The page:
Swiss PMI hits two-year high, price pressures emerge

* Swiss PMI rises to 57.4 pts in Feb, beats forecasts

* Price component hits highest since Aug 2008

ZURICH, March 1 (BestGrowthStock) – A recovery in Switzerland’s
manufacturing sector accelerated in February as a purchasing
managers’ index hits its highest level in nearly two years and
the first price pressures emerged, data showed on Monday.

The Swiss purchasing managers’ index rose to a seasonally
adjusted 57.4 points in February, from 56.0 points in January,
according to Credit Suisse, which publishes the PMI.

That was its highest level since March 2008 and beat even
the most optimistic analysts’ expectations.(ECONCH: )

“The numbers look really good. They fit our forecast of 2
percent economic growth for 2010,” said ZKB analyst David
Marmet, adding that the Swiss National Bank (SNB) would probably
have to raise its forecast of 0.5 percent to 1 percent.

The PMI’s price component shot up by seven points to 62.4
points, its highest level since August 2008, although analysts
expect the central bank to keep its target interest rate on hold
at just 0.25 percent at its policy review on March 11.

SNB Vice Chairman Thomas Jordan said in an interview on Feb.
21 that it was as yet too early to raise interest rates, though
policy would have to be tightened in the medium term.

ZKB analyst Marmet said the central bank had to balance the
strong economic recovery with the euro zone’s debt woes, which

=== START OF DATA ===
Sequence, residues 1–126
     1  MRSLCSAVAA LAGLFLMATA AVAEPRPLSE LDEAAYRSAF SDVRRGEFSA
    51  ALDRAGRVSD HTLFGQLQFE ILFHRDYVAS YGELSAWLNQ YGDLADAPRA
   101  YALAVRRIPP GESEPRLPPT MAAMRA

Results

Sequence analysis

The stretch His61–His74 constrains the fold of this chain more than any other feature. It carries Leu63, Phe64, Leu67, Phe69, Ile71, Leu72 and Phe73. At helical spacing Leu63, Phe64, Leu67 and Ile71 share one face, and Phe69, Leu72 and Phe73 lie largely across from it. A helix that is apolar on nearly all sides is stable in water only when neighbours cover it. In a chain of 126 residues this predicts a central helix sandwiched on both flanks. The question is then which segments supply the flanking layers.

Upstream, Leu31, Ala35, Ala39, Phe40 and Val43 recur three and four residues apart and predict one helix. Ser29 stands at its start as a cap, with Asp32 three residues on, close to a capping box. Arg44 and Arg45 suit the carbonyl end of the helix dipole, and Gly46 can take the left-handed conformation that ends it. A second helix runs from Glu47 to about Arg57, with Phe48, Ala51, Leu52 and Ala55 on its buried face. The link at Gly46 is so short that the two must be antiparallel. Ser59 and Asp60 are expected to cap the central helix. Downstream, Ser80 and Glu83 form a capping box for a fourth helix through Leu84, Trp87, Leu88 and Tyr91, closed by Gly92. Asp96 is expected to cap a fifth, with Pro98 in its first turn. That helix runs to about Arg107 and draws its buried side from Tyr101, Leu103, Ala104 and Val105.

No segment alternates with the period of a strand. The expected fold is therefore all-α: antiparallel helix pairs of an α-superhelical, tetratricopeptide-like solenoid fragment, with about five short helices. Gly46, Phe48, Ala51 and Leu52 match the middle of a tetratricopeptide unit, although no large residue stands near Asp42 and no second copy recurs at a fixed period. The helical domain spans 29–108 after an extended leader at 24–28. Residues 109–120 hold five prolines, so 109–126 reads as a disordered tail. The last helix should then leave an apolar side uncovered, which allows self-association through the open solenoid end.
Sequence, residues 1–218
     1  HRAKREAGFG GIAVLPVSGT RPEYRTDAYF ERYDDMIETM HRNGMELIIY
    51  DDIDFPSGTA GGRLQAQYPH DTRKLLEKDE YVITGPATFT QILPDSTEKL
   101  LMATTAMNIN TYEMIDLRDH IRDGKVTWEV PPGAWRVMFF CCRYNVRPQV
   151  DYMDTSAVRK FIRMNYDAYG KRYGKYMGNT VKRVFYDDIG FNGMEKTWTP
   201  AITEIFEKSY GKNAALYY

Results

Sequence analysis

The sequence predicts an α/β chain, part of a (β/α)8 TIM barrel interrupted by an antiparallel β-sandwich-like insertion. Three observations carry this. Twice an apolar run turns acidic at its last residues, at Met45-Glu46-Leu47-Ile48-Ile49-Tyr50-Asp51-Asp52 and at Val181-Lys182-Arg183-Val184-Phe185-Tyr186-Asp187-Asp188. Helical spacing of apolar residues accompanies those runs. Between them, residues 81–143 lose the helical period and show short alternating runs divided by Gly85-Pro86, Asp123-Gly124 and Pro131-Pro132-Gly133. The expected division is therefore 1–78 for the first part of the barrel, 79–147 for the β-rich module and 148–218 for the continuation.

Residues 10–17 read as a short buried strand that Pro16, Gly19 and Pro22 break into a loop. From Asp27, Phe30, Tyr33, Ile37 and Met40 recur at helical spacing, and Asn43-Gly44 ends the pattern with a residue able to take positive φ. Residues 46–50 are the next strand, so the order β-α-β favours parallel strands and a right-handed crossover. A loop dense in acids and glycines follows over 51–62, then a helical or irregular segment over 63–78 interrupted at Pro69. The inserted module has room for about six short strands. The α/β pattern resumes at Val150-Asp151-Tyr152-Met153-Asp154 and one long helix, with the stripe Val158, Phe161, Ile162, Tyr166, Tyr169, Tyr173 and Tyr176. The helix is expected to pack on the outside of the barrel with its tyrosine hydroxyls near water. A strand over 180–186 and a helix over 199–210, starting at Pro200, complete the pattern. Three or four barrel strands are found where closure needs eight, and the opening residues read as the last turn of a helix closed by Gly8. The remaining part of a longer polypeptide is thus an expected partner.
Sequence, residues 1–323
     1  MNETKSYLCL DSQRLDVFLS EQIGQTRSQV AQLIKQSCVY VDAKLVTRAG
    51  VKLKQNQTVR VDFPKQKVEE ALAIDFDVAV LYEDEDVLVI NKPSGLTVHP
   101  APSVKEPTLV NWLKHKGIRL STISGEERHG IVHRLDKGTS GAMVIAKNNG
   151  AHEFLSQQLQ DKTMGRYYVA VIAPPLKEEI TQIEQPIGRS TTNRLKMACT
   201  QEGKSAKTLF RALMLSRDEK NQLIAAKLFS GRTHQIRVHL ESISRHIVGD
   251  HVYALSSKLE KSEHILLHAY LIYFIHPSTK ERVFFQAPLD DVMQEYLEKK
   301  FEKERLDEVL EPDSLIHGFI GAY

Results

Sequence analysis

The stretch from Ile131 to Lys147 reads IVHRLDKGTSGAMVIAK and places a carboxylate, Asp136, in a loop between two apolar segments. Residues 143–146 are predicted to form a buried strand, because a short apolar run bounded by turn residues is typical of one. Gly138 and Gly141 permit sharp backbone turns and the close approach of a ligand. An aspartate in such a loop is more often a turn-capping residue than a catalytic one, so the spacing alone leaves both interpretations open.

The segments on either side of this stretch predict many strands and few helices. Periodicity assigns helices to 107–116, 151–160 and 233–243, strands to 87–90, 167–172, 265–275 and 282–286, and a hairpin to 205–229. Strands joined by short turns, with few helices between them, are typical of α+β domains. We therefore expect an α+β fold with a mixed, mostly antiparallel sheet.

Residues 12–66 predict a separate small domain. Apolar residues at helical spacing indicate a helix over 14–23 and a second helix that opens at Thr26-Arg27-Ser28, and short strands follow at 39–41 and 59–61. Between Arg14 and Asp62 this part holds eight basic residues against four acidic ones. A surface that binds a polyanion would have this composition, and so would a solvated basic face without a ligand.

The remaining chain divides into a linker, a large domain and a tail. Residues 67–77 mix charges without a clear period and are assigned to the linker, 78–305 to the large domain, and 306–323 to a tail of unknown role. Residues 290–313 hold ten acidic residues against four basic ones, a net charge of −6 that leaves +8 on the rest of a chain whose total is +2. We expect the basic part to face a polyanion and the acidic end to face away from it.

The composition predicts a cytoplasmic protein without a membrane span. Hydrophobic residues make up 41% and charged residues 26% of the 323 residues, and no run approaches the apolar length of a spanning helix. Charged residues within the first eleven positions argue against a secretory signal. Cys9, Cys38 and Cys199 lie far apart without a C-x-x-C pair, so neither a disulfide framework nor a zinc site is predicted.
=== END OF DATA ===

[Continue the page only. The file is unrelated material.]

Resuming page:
are weighing on the euro.

“If the SNB raises rates too early the Swiss franc (EURCHF=: )
will rise further,” he said, adding that he expected the first
SNB rate hike in September.

The central bank has repeatedly intervened to curb the
franc’s appreciation and most economists expect the bank to
stick to its intervention policy for now.

However, the SNB was likely to emphasise rising price
pressures over the medium term at its meeting next week, further
shifting communication towards a tightening bias, Marmet said.

Credit Suisse said the PMI survey showed that companies have
started to restock their inventories.

“This can be attributed to burgeoning confidence, but
possibly also to fears about future price increases,” the Credit
Suisse analysts said in a statement.

Stock Today

(Reporting by Sven Egenter; Editing by Susan Fenton)

Swiss PMI hits two-year high, price pressures emerge